By Greg Thielmann
The intelligence community may have missed the impending collapse of Moscow’s empire in the late 1980s, but the Worldwide Threat Assessment presented to the Congress earlier this month by Director of National Intelligence James Clapper certainly reflects an awareness that Russia today is no longer an enemy of the United States. How else to explain that Clapper’s 27-page Statement for the Record makes no mention of Russia’s nuclear arsenal?
While Soviet nuclear forces had pride of place during the Cold War as the great existential threat, the 2014 threat survey leads with “cyber,” includes eight other major categories, including “natural resources” and “health risks,” and dissects 30 specific regional threats. But it never explicitly draws attention to the nuclear arsenal that could annihilate the United States and fundamentally alter life on the Planet Earth. The obvious explanation for this omission is that the intelligence community regards the chances of a Russian nuclear attack to be so remote that it is not worth mentioning.
Russia today is the country that provides the United States nuclear power reactor fuel fashioned from the weapons previously pointed at U.S. targets and the country that uses its rockets to transport American astronauts to and from the International Space Station.
In this context, it is worth noting that U.S. strategic forces are still structured and poised to deal with the most alarming nuclear threat perceived in the Cold War – a disarming nuclear first-strike directed by Moscow against the United States. The current U.S. nuclear stockpile includes nearly 2,000 operational strategic warheads, a significant portion of which (all Minuteman III intercontinental ballistic missiles and the Trident strategic ballistic missiles on board 4-5 submarines) are on continuous alert, ready for launch in minutes.
Although President Obama has declared that the United States can safely cut U.S. strategic forces by a third, it is actually reducing its operationally deployed strategic warhead totals at a very slow rate, still above the New START limits established three years ago, and is expanding its lead over the more rapidly declining level of Russian strategic forces to nearly 300 deployed strategic warheads.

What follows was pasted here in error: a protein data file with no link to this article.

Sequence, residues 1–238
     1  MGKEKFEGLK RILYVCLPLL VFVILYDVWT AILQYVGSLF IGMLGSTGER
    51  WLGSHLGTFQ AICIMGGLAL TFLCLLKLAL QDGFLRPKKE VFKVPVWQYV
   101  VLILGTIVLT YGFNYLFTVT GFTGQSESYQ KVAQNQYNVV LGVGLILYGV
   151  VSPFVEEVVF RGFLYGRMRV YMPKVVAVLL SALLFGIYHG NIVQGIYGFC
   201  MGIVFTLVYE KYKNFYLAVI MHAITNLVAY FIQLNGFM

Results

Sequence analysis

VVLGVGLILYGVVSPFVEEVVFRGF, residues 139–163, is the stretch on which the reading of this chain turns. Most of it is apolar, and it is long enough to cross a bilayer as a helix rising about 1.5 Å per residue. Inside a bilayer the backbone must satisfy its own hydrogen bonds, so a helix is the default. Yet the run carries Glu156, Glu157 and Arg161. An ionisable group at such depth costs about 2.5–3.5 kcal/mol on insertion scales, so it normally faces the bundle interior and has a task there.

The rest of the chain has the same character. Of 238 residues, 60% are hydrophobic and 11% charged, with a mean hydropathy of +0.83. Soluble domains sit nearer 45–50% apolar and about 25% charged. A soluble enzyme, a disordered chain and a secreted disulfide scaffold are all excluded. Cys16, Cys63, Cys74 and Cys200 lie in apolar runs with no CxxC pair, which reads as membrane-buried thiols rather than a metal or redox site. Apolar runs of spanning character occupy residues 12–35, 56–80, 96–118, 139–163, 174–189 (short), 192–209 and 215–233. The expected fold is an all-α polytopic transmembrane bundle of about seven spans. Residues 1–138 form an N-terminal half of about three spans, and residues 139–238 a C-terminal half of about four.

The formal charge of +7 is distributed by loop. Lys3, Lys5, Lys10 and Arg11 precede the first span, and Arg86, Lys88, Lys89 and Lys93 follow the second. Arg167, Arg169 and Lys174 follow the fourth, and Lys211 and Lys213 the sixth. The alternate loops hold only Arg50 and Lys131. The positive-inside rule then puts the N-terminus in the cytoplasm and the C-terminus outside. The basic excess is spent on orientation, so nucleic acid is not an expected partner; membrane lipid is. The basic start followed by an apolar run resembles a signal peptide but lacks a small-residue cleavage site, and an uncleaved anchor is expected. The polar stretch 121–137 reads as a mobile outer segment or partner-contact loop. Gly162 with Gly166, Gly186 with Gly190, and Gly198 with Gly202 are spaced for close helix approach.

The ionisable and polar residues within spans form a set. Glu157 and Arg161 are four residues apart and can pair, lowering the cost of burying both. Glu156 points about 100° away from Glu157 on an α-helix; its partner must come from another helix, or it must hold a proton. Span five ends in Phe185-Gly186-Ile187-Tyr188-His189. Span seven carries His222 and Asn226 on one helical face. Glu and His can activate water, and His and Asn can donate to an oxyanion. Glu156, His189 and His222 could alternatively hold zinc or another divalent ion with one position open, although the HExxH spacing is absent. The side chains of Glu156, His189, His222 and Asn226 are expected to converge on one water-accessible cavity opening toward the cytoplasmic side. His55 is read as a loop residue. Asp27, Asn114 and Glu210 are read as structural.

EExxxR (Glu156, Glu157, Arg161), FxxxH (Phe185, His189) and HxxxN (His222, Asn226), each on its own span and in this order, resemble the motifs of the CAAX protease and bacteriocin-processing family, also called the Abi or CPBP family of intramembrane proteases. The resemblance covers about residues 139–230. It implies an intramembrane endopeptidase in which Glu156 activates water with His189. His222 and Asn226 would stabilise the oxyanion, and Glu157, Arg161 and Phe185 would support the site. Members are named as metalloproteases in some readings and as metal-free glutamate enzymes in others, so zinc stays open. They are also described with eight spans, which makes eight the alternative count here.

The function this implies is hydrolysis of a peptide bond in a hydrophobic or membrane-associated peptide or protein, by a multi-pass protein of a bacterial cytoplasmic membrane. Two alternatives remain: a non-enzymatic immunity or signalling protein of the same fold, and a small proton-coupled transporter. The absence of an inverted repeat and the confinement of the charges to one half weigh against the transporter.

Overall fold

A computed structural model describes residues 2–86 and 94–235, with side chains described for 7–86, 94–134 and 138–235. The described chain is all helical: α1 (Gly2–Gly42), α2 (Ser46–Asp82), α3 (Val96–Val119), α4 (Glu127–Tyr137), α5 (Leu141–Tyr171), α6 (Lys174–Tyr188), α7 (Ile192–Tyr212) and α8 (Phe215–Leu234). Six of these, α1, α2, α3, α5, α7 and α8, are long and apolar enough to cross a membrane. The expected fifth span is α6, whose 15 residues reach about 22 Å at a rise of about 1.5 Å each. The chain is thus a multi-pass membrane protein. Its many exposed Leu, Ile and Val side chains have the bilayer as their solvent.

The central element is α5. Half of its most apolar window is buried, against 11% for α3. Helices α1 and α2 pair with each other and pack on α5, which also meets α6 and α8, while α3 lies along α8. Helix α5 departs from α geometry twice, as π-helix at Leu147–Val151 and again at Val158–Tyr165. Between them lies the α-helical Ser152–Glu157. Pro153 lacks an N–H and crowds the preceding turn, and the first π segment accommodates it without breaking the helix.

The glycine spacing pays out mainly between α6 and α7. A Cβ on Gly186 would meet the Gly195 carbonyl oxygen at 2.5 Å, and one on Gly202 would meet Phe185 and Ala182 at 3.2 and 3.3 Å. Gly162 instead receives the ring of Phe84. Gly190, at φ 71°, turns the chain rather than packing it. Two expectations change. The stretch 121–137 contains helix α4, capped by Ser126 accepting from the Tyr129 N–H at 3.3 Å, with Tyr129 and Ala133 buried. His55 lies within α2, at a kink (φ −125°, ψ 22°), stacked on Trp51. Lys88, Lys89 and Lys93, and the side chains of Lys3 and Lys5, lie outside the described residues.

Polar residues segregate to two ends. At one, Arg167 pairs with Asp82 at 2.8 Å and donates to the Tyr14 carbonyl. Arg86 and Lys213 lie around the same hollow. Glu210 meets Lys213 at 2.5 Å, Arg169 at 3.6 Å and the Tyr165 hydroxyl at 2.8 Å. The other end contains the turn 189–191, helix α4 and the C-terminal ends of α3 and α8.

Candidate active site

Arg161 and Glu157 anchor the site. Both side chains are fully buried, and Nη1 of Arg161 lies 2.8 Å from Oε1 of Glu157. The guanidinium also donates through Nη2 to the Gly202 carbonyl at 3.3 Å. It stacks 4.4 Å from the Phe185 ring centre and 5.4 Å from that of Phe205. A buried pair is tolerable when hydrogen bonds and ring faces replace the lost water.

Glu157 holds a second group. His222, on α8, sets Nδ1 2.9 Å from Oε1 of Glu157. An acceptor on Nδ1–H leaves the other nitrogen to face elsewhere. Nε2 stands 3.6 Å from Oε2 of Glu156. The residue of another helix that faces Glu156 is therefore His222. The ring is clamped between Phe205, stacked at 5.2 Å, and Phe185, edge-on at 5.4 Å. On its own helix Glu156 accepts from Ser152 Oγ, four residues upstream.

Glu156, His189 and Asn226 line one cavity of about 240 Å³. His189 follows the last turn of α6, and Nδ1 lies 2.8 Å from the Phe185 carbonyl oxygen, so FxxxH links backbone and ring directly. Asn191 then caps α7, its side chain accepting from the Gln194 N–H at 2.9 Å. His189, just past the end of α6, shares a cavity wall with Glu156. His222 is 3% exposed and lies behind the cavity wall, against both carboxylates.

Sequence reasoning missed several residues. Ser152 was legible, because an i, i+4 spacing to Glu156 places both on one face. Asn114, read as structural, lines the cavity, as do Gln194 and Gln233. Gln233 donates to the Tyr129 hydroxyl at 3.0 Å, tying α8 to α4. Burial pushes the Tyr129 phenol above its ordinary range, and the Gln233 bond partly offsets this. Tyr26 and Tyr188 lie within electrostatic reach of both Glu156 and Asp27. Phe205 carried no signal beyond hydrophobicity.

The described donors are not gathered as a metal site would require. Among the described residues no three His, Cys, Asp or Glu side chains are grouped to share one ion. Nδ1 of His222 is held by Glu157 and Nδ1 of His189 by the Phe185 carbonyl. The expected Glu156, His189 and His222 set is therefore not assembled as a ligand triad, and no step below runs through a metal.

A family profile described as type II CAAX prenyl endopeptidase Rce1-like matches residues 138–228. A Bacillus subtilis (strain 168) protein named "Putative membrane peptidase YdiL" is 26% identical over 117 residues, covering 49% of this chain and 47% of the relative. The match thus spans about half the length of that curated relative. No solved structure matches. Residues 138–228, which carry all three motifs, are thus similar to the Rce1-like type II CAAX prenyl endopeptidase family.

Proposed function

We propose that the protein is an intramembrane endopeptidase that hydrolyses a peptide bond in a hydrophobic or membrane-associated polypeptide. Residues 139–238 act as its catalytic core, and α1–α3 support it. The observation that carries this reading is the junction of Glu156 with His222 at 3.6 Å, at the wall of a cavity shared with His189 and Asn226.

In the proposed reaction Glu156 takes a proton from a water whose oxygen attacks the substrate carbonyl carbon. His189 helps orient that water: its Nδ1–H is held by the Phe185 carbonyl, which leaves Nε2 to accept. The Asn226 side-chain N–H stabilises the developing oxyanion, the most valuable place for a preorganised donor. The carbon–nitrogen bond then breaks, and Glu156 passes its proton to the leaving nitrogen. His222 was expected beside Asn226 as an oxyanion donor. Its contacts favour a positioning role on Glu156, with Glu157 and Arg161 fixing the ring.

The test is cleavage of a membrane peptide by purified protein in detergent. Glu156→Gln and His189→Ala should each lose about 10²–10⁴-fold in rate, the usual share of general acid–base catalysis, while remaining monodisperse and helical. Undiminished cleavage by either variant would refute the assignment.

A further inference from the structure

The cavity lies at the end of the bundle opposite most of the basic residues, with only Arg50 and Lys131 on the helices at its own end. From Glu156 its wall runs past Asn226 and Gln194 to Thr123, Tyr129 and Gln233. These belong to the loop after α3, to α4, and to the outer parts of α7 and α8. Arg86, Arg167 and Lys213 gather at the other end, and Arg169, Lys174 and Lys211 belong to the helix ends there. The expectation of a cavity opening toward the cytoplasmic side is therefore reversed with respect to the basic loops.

U.S. strategic nuclear forces make little contribution toward dealing with most of the threats described in this year’s Worldwide Assessment. Indeed, these forces make some threat categories, like cyber and terrorism, more worrisome because they represent vectors toward illicit control over the enormous power contained in nuclear weapons.
Moreover, U.S. planning for future defense forces anticipates retaining and modernizing all three legs of the triad at a currently programmed ten-year cost of some $355 billion. In an era of increased pressure on the defense budget, this enormous funding wedge cuts deeply into resources otherwise available for meeting the diverse challenges identified in the Worldwide Threat Assessment. Last year’s sequestration maneuvers included suspending B-52 pilot training for those assigned conventional missions in order to retain training for those assigned to nuclear missions. The navy is hard-pressed to sustain its desired schedule for multi-role attack submarine construction, because of the competing priority given to funding replacement of Trident nuclear ballistic missile submarines.
Some of Washington’s closest allies are confronting more forthrightly this disconnect between updated threat assessments and traditional force posture. A leading U.K. think tank (RUSI), recently published a report saying Britain could still maintain a solid nuclear deterrent even after a reducing its ballistic missile submarine fleet from four to three boats. According to the report’s author, Hugh Chalmers: “Our own national security assessment is…that we don’t see a state-based nuclear threat.”
However inconceivable the prospect of a deliberate Russian attack, both Washington and Moscow must still do everything possible to address the remote chance of an accidental or unauthorized use of nuclear weapons. 50th anniversary retrospectives on the dark film comedy, “Dr. Strangelove,” remind us that Cold War fail-safe systems were not nearly as iron-clad as the U.S. military described at the time and that the risks of non-deliberate nuclear detonation has not yet been completely eliminated.
If those formulating national force posture and policies have been slow to notice the implications of declining traditional threats, the nuclear-armed missile operators and bomber crews have brought it to the attention of the public in dramatic new ways. Morale problems and performance appear to be symptoms of a wider malaise. For U.S. Secretary of Defense Hagel to profess himself “deeply concerned” about “the overall health, and the professionalism, and discipline of our strategic forces” is a sobering commentary, which should lead to corrective actions beyond the personnel sphere.
One of the most important jobs of the intelligence community is to analyze objectively the most serious threats facing the country. It is the job of others to draw appropriate conclusions regarding the obvious disconnect between the Worldwide Threat Assessment and U.S. nuclear force posture. A long-overdue task of U.S. political leadership is to bring the size and posture of the U.S. nuclear arsenal into alignment with the threat. This means moving expeditiously to a smaller nuclear force at a lower state of readiness.